U.N. Day Recognizes Violence Against Women

10663176646_7b95d43ddaI think it’s better to be a man because a woman always hears inappropriate comments from men. It happened to me at school. Teachers won’t give out your grades if you don’t sleep with them. When my friends apply for a job, if the employers are men, when they don’t give in to their advances they’re not hired.

A young woman from Ethiopia is speaking in a video commemorating the 14th annual U.N.’s International Day for the Elimination of Violence Against Women. Another woman in the video, slightly older and from Lebanon, tells about her husband ignoring her completely. A third, from Bangladesh, explains how her husband plans to leave her on the streets if their next child is a daughter. The voices blend together.

November 25 was chosen for this day of remembrance because it marks the date in 1960 when three activist sisters in the Dominican Republic were assassinated under orders from the country’s dictator. Sadly, how little times have changed. Last week in Ethiopia, soldiers gang-raped three girls, nearly killing them, and this weekend in the U.S., a Nebraska husband stabbed his spouse repeatedly a month after she filed a protection order.

The statistics are terrifying. UN Women estimates that up to 70 percent of women and girls worldwide face some form of violence in their lifetime, which Samantha Power, U.S. ambassador to the U.N., calls a “global scourge.” The most common violence: an intimate partner instigates beatings, sexual coercion and other abuses, alongside psychological or emotional abuses. Sexual exploitation by others is also common: One in five women are victims of rape or attempted rape, and millions are trafficked for labor and prostitution. Women also face “honor” murders, dowry killings and genital mutilation (which victimizes 140 million women and girls per year globally). Sexual harassment, too, can be considered an act of violence; in the United States, 83 percent of public school girls ages 12 to 16  report being victimized.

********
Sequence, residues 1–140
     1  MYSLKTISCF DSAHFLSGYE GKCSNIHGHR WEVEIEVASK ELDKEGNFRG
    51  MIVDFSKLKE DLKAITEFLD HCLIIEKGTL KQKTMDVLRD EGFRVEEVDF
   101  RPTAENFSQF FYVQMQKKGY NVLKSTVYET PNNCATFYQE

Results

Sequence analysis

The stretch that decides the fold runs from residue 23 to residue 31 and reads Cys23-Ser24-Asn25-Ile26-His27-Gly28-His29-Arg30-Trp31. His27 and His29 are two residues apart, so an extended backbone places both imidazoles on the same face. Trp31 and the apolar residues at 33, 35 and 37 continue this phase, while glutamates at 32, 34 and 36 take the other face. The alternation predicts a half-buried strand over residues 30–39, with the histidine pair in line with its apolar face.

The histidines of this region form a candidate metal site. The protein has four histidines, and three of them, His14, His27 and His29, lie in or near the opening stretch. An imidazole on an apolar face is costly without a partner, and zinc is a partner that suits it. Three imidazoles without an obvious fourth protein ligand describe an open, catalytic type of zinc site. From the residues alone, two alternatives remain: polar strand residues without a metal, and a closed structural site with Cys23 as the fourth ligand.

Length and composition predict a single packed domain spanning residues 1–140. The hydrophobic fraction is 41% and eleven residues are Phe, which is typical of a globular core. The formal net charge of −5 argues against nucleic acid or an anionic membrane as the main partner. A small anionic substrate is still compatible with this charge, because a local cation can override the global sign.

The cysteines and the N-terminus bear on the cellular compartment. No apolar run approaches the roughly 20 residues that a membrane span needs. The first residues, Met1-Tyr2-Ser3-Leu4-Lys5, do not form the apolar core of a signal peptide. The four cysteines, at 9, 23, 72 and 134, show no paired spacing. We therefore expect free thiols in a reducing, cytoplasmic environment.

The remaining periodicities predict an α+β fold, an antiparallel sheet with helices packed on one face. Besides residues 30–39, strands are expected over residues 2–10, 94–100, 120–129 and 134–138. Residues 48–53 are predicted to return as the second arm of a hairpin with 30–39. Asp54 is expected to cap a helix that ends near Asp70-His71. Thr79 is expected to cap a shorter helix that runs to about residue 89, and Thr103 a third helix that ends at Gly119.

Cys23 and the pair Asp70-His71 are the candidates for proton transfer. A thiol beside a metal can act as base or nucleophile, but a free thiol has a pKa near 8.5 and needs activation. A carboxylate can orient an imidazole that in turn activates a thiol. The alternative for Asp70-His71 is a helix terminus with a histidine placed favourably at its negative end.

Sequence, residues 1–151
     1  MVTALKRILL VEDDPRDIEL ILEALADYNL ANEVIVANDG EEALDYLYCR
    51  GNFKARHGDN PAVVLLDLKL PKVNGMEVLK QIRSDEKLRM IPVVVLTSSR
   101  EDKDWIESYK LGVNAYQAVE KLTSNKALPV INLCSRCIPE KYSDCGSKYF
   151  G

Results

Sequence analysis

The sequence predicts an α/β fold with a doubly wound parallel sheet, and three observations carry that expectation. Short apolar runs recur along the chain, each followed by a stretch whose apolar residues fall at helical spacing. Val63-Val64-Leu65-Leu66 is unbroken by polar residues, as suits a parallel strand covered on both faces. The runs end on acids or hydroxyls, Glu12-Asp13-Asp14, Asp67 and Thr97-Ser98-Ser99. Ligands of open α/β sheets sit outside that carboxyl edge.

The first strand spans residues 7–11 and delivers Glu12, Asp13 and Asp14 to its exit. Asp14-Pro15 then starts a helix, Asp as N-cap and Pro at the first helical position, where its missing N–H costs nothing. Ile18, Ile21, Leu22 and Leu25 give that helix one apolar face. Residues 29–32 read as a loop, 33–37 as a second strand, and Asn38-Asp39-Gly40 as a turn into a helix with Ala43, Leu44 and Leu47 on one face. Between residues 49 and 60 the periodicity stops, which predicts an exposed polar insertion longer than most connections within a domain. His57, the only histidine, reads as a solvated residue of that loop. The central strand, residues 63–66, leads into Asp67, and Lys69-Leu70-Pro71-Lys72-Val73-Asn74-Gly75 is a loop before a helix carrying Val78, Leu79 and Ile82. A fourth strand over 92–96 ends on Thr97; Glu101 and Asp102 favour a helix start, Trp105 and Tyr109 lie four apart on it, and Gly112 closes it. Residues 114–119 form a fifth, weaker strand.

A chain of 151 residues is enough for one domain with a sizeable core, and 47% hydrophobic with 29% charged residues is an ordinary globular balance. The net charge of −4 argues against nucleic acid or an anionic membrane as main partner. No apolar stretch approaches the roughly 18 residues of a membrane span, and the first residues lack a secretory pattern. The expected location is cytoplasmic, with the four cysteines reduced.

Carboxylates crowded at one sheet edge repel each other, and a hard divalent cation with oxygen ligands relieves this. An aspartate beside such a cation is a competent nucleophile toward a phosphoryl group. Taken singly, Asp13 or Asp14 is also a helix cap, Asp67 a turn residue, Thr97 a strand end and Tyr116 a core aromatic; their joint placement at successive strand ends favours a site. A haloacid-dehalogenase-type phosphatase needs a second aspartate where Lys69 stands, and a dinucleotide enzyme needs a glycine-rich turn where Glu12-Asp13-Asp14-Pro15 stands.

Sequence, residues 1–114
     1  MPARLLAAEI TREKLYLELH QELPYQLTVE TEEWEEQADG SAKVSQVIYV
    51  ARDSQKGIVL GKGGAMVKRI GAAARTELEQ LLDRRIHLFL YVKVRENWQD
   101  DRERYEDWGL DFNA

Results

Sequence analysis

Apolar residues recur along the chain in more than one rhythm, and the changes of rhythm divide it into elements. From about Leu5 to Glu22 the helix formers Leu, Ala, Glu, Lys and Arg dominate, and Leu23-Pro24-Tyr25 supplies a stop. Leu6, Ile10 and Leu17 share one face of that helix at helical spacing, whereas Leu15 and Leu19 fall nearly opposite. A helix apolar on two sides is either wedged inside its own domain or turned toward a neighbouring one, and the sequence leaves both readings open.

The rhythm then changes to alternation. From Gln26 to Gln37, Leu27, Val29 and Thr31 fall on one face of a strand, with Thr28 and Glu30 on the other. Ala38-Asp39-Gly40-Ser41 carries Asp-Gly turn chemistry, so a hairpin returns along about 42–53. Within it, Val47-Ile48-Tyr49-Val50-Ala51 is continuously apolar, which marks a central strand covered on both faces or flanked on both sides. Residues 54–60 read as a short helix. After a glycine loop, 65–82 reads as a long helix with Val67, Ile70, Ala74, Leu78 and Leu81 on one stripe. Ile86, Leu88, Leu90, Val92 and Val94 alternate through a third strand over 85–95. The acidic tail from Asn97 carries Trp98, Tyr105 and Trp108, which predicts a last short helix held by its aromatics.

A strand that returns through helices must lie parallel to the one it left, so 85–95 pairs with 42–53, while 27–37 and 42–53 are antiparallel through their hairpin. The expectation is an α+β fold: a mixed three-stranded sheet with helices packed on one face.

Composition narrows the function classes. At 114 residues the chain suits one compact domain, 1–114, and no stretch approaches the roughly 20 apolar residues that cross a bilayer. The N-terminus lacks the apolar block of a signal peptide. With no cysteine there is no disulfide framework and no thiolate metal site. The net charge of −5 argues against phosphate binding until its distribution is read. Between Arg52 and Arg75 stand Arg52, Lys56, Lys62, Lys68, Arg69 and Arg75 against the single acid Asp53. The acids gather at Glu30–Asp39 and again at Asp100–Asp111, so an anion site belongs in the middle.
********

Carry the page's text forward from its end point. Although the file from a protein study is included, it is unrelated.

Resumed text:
Says U.N. Ambassador Power:

Violence against women isn’t cultural, it’s criminal. Equality cannot come eventually, it’s something we must fight for now. If we don’t we not only reject the inalienable human rights of all women and girls, but also threaten the fundamental stability, security and prosperity of our societies. … Our efforts cannot stop now, as the work is far from finished.

Watch the UN awareness video here:

Photo from Flickr user DFAT photo library under license from Creative Commons 2.0

ME EMILYEmily Zak is finishing her B.A. in journalism from the University of Montana as an editorial intern for Ms.

 

 

 

Comments

  1. Hey, it’d be great if you could change the photo you’ve used to accompany this piece. It’s the work of a racist Australian artist, who has said things like: “”it is very difficult for anyone who is Muslim to fit into any society, in truth, because sooner or later, if there’s enough people that want to instigate Islam in its most common form, it naturally then clashes with the host society, full stop, it’s been proven through history.” He consorts with people like Geert Wilders. http://www.barenakedislam.com/2013/02/26/australia-renowned-mural-artist-sergio-redegalli-gets-a-special-visit-from-geert-wilders/

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